## Monday, October 10, 2011

### Hot plate PI controller - Part 2: The temperature sensor

The thermometer I am using is the typical stove thermometer that you can buy from any kitchenware store. Mine came with our IKEA / Whirlpool kitchen stove.

I have no idea of the resistance of the thermistor probe that came with the thermometer so I had to set up a little experiment to find the resistance range.

I put 1 litres of water in a pot on an induction plate, turn on the heat for a while, turn it off to let the temperature settle and then measure temperature with the thermometer. Next I measure the resistance with a multimeter.

With four measurements I got this curve:

Excel shows the fitted linear curve and the nice little formula:

Rt=0.2*T-2.7

Where Rt is the termistor resistance and T is the temperature measured in centigrades.

I want to use the thermistor with a resistor and measure the temperature by setting them up as a voltage divider. Input voltage will be 5V:

By setting the second resistor to the value of 5 ohm I get the greatest difference between the lowest and highest measured voltage (2,85V) and thus the best resolution. The curve for voltage measured over the thermistor for the optimal resistor is shown below:

Defining:
F=Vout/Vin=Rt/(Rt+R)

Calculating for Rt:
1) Rt=R*F/(1-F)

From previous excel linear fitting for measured temperature:
2) T=(Rt+2.7)/0.2

1) and 2) put together:
T=25*F/(1-F)+13.5, where F=Vout/Vin

Finishing with an example:
What is the temperature when you are suppling the voltage divider with 5V and you get an ADC reading is 511?

A reading of 511 in the ADC is a measured voltage of 5V*511/1023=2.5V with a supplied voltage of 5V.

F=2.5V/5V=0.5

T=25*F/(1-F)+13.5=25*0.5/(1-0.5)+13.5=38.5 degrees celcius, which corresponds very well with the curve above.

The real excitement begins when I get a 5 ohm resistor, set up a measurement system and start measuring realtime temperature data. Is boiling temperature still measured to 100 degrees celcius?

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Update:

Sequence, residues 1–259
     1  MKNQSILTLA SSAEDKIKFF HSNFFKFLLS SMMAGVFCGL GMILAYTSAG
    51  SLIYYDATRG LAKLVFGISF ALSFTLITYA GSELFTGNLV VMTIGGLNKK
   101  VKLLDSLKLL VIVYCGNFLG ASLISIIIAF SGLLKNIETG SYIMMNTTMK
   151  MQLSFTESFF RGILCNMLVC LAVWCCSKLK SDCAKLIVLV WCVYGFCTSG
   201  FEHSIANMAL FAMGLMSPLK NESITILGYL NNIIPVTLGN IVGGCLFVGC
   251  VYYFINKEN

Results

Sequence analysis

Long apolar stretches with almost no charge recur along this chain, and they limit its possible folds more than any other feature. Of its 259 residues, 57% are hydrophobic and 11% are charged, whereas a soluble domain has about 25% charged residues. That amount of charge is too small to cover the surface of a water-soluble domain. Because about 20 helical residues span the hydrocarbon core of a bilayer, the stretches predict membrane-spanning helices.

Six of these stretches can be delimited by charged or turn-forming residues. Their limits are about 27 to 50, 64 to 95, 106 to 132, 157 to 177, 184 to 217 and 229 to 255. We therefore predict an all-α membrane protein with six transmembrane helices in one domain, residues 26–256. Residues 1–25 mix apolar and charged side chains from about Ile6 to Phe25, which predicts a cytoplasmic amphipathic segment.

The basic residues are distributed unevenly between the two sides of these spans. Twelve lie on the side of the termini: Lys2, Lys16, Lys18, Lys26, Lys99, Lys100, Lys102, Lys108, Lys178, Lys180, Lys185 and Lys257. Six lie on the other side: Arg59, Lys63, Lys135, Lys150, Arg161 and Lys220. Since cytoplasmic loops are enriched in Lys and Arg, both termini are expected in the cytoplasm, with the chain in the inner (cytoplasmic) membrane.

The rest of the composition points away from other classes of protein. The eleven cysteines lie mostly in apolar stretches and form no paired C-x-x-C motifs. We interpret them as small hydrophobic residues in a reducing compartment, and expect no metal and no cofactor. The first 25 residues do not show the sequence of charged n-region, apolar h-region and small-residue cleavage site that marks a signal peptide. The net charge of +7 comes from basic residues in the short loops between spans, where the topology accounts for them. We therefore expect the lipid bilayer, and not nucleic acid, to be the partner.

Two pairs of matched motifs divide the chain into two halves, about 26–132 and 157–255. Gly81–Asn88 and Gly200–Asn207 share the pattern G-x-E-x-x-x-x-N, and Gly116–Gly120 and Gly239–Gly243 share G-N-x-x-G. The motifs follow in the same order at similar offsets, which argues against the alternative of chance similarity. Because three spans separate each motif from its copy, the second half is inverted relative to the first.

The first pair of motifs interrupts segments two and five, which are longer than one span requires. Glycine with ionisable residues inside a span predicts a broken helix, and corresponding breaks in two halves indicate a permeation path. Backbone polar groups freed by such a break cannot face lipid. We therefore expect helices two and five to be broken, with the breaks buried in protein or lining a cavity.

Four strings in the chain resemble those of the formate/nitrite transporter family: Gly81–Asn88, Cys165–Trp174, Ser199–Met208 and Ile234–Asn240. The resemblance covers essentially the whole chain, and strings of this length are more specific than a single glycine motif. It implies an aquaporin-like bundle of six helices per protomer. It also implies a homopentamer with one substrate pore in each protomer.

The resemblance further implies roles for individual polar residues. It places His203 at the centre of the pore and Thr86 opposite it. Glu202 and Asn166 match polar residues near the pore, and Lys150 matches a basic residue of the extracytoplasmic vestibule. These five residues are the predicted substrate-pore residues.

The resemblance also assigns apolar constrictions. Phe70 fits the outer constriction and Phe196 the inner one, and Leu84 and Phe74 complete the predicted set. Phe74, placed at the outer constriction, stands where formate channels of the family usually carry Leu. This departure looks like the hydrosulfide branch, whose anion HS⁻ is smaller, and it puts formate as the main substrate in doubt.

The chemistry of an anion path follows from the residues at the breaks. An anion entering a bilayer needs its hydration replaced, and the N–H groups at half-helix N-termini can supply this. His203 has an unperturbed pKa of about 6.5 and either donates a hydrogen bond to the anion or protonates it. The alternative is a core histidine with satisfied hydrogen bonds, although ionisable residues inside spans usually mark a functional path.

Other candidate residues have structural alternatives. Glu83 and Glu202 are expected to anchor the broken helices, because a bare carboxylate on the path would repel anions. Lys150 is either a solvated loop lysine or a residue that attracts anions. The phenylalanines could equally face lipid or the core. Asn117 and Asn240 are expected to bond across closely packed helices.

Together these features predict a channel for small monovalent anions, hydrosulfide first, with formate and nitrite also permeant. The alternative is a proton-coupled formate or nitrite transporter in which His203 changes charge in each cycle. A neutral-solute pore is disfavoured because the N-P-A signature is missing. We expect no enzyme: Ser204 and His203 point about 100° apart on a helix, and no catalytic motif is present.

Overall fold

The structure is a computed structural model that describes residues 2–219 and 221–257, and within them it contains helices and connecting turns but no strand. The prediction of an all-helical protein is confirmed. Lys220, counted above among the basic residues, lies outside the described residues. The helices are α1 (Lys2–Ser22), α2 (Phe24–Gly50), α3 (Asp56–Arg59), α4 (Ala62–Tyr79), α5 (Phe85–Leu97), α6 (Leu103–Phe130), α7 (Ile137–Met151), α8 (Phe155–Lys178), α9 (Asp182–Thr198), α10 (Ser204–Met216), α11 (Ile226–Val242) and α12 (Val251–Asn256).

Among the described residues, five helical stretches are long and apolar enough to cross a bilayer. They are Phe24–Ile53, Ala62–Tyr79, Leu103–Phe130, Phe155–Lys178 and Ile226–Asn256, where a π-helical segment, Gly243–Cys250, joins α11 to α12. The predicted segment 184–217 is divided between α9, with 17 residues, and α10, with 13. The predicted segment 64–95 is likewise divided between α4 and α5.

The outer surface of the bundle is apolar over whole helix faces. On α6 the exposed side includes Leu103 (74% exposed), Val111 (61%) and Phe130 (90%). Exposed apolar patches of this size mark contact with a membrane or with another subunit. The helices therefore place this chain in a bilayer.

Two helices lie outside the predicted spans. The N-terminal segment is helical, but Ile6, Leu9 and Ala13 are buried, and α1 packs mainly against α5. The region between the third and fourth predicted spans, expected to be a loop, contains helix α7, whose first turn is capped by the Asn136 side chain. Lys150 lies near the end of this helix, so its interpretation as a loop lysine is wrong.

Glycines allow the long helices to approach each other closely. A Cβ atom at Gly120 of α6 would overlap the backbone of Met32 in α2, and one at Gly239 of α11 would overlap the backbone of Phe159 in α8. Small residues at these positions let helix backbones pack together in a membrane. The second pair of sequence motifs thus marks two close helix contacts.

Yesterday I tried setting up the voltage divider with the arduino. I found a 4.7 ohm resistor to use with the thermistor and was ready for measuring temperature with the arduino.

I had thought very little about the consequences of using such small resistors: When I hook up a 4.7 ohm resistor with a thermistor that has close to zero ohm resistance at room temperature I get a current of 5V/5ohm=1A!! So when I set up the bridge and inserted the USB I got smoke coming out of the arduino or resistor. The arduino seems to be working fine afterwords, though, so I learned my lesson.

So I should rather find a resistor that has as low as possible reistance, without destroying the arduino. How low can it be?

Here are some of the limits:
- The USB 2.0 standard has a maximum current limit of 500 mA.
- In the summary for the arduino UNO the I/O ports are rated for 40 mA.
- In the data sheet for the Voltage regulator (LM340) I see a maximum current of 1 A at 5 V.
- I think the resistors I am using is 0,25 W type based on the thickness => Maximum current 50 mA.

I think the input impedance of the ADC pins are quite high, so there will not be much current going through to the ADC. That makes the resistors I am using the weakest link with maximum current 50 mA.

My new resistor will have to be at least 5 V / 0.05 A=100 ohm.

The new temperature chart will be like this:

The voltage range is too low, which means I get bad resolution (about 0.7 deg C) . I either need a different thermistor or a resistor with higher power rating.

In summary: Don't try to reuse the measurement probe from a thermometer. It's cheaper and easier to buy a thermistor with an available datasheet.